- Hospitals and labs tend to coordinate strongly in ways which make it challenging for hospitals to simply use a different lab. Some labs are being underutilized while others are experiencing very high volume. Hospitals need to continue to use their existing lab suppliers so they can use the same laboratory information management systems, and adding new facilities can be a challenge.
- The uncomfortable nature of the current test is discouraging asymptomatic patients from being tested.
How Can These Issues be Resolved?
Resolving these issues is a challenge, but progress has already been made. In most areas, the number of tests of both types have been increased, albeit not always to a high enough level.
Test reliability is something which is being solidly addressed. Particularly in the case of serological tests, labs and doctors are starting to work out which tests should be used on which patients. Other researchers have been exploring ways to use alternative ingredients, with biologists across the country collaborating with each other about what works. COVID-19 testing remains important for both clinical care, including case isolation, as well as for disease surveillance and contact tracing.
Another way to deal with the shortages of tests and equipment is to increase the variety of tests. Saliva tests, which require no PPE to administer and are less uncomfortable for patients have a number of advantages. The FDA has now approved a home sample collection kit. The kit is designed to allow a patient to self-collect a nasal sample at home, which can then be applied to one of two tests. The kit allows for people to be tested without exposing healthcare workers or others, and increases access for people who might have challenges getting to a testing site. Testing sites are often hard to access for the disabled and those who do not own their own vehicle.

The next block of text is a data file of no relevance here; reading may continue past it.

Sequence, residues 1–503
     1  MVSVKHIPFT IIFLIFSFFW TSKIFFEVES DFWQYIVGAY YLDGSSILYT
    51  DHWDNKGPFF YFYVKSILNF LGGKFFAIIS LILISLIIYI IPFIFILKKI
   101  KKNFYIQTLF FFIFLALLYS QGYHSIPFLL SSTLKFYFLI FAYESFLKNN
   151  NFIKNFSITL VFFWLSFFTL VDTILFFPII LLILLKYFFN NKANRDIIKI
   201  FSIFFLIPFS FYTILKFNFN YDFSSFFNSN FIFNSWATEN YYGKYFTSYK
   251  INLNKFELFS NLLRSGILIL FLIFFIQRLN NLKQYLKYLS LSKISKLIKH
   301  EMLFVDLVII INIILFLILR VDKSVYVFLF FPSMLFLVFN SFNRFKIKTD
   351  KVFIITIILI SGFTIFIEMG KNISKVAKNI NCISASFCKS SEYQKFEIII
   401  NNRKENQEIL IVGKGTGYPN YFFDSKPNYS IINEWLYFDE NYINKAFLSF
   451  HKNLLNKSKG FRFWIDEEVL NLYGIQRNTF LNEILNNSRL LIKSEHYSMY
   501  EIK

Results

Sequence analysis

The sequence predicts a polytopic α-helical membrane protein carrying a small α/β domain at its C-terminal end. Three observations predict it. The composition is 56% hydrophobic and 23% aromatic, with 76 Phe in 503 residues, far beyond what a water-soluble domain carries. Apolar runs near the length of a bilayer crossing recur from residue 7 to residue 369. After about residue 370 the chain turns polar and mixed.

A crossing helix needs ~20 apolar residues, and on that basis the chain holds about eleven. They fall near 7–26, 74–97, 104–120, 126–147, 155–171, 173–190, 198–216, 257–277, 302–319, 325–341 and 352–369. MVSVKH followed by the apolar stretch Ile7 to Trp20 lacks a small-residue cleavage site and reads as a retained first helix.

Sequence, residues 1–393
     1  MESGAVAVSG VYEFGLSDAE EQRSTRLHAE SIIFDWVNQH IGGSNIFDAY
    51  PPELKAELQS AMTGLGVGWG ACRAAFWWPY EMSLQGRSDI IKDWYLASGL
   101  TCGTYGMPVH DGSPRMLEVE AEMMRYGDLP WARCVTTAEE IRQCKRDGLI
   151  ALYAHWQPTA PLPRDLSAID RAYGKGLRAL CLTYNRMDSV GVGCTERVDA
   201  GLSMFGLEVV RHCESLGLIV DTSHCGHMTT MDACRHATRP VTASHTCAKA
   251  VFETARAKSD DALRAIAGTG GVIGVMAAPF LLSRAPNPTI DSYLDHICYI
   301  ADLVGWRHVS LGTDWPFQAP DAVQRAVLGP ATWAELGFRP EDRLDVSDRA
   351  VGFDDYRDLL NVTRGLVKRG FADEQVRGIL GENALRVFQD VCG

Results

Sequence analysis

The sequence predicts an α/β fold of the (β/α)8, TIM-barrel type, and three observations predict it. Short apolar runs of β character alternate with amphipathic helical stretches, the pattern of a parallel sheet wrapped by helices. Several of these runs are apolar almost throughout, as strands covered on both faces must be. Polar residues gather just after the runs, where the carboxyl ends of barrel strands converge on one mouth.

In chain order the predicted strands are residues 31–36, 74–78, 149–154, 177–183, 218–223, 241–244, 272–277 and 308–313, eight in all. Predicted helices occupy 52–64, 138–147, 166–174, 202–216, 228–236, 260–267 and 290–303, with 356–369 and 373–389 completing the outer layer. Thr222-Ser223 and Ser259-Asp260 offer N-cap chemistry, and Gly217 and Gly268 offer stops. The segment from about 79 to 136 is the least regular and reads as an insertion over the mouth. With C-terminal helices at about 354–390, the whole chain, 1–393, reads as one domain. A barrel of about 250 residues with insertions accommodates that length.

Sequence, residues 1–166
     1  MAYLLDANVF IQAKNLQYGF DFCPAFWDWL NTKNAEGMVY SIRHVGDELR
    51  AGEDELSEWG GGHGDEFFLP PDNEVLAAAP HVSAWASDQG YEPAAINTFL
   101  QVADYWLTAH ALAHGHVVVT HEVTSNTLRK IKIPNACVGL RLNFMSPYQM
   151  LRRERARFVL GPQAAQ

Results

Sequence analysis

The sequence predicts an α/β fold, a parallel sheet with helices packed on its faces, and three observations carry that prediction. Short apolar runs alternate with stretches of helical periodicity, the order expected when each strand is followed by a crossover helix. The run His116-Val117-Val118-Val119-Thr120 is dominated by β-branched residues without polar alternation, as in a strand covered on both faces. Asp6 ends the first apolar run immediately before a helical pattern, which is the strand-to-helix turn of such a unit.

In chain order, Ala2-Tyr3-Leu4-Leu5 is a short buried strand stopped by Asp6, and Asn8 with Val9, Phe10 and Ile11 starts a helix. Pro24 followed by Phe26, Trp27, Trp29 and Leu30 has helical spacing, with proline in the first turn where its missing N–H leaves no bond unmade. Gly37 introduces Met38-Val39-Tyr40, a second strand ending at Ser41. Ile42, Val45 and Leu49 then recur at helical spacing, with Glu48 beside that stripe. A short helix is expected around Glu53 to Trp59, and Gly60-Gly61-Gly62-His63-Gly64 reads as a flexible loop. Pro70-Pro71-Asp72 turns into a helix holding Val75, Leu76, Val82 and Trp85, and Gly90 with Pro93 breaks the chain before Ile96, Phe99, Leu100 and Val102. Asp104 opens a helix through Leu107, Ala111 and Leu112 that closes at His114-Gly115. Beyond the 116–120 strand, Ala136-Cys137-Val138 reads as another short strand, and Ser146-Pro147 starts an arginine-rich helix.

The other issue being heavily addressed is the shortage of PPE. The maker community has coalesced around the problem. In addition to making cloth masks for civilian use, people have been using 3D printers to reverse-engineer commercial equipment and produce it quickly and cheaply in the local community. They have been able to create 3D printed face masks and face shields, which while not quite as good as the commercial equivalents are certainly better than nothing. The system allows for rapid production, but also tends to introduce a lot of variation. Despite this, the creation of PPE by makers has, if nothing else, provided equipment for non healthcare workers so they are not competing for high quality, medical grade gear.
The Boca Bolisitics Reference Laboratory Can Help
The Boca Bolistics reference laboratory can help navigate the difficulties of COVID-19 testing. For labs, the most important thing is to be agile and flexible. Boca Biolistics is here to provide companies with the samples they need to develop, test, and improve their diagnostic technologies. We are a reliable CLIA and CAP reference laboratory currently testing for COVID-19. We know how to work with your research team to help you improve your tests and provide the best solutions possible. These capabilities may be particularly important as we continue to develop better serological tests for COVID-19 and improve how we keep control over the pandemic and help society move forward.